’s bus rapid transit survey results for 2013 include 64 projects, 61 of which are located in the U.S., with three in Canada.
Since we checked in on various projects last year, Chicago; Las Vegas; Stockton, Calif.; Seattle (RapidRide C and D Lines); and San Antonio (Prímo) began operating new routes. This year, Aspen, Colo.-based Roaring Fork Transportation Authority (RFTA), Monterey Salinas Transit, and two San Diego and Seattle lines will launch new routes, for a total of six, the same number as last year. The projects slated farthest in the future are Minneapolis-based Metro Transit’s Orange Line and San Francisco Municipal Transportation Agency’s Geary Corridor BRT.
Last summer, RFTA won a “White House Champion of Change” award as a transit innovator for its VelociRFTA route. Meanwhile, construction on the project will be done this fall, Dawn Chase, marketing, communications & design manager, says.
Additionally, San Bernardino, Calif.-based Omnitrans received six of the vehicles for its E Street Corridor sbx BRT project from New Flyer over the past four months. The remaining eight are in production and due by April.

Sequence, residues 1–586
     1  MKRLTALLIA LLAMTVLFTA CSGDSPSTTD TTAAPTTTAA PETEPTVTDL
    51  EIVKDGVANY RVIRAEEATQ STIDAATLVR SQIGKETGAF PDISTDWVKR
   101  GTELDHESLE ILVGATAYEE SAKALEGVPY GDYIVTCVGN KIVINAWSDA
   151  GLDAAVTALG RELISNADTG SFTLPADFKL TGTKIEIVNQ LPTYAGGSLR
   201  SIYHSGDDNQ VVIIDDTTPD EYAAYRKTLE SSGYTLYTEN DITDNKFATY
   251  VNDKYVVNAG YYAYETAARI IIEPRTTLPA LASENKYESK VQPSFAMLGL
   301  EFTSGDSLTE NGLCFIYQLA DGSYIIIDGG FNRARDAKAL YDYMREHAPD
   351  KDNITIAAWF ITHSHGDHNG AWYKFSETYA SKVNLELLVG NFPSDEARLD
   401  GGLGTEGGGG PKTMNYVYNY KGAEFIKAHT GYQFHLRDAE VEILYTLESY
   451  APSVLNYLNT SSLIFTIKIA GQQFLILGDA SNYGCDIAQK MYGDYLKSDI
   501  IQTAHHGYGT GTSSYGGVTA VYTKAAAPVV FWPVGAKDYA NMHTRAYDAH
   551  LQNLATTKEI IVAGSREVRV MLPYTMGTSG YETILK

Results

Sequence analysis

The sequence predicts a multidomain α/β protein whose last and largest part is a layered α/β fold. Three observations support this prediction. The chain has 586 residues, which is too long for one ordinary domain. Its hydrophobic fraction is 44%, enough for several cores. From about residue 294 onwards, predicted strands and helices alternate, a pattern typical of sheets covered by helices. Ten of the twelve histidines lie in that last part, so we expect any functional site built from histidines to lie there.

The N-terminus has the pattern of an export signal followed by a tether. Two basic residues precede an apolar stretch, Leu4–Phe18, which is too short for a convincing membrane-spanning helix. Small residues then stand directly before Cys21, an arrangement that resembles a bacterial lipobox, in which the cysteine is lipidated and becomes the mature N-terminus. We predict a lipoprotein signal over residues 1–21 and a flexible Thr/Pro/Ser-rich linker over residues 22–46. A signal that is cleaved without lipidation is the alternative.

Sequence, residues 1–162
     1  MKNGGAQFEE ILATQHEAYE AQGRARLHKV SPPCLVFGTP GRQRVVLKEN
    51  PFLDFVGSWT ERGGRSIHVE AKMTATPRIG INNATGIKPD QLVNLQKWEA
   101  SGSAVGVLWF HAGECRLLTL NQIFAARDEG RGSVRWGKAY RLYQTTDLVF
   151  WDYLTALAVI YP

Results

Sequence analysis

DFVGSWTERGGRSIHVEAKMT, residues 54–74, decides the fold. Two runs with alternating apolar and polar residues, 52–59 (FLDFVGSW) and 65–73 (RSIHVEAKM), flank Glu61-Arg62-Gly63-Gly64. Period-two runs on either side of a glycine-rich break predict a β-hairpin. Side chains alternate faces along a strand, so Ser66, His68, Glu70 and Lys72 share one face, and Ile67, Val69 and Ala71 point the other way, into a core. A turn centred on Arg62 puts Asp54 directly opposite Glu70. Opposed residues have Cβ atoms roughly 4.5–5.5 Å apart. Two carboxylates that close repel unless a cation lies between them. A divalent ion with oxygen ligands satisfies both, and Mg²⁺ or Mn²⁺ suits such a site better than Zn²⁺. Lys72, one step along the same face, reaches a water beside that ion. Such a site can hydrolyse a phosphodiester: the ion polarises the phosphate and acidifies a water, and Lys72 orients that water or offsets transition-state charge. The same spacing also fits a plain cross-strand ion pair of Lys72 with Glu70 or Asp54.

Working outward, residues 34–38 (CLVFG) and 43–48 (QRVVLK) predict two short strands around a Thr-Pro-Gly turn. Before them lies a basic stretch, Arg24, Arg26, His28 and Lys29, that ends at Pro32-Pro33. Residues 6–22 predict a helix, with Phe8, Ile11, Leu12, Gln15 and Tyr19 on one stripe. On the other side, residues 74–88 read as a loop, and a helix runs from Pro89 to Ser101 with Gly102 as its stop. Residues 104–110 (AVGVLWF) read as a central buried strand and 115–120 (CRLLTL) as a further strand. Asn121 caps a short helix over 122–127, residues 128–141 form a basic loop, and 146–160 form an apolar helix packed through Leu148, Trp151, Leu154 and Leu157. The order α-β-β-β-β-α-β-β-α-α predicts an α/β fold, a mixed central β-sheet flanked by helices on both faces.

The region producing the highest number of BRT projects was, as usual, the West Coast, with 30. The majority of them are located in California (63%). Projects in this region combined for a total of $1.8 billion, on par with last year’s $1.7 billion total.
The project that reported the highest number of vehicles is OC Transpo’s Transitway, with 500 buses.
Nearly all respondents (91%) are using or plan to use low-floor style vehicles. Three-quarters selected enhanced aesthetics, slightly more than last year, and two-thirds selected passenger amenities — another bump from last year — and articulated vehicles.
Exactly one-half of operators plan to use hybrid-electric propulsion for their buses, about the same as last year. Nearly one-third selected CNG, up slightly from last year’s 28%, with clean diesel down by about one-third from last year, at 21%. Only 3% of operators plan to use trolleys.
Federal funding, including FTA’s Very Small Starts, Small Starts, and Congestion Mitigation and Air Quality, comprised 81% of the funding for projects. More than two-thirds of projects received local support, and state funds were awarded to nearly half of all projects.
However, this year’s project roundup showed less local funding — 69% compared with last year’s 80% — but that could be because more projects were submitted this year.
Top challenges cited were construction as well as coordination with other jurisdictions, streetcar lines, Departments of Transportation, other transit agencies and city staff. The most common project benefits reported were travel time savings and shorter dwell time; connections to major employers and transfer points, airport and rail; improved job and housing access; and faster boarding due to pre-boarding tickets. Additionally, one project created or sustained the equivalent of 900 full-time jobs: Regional Transportation Commission of Southern Nevada’s Sahara Express.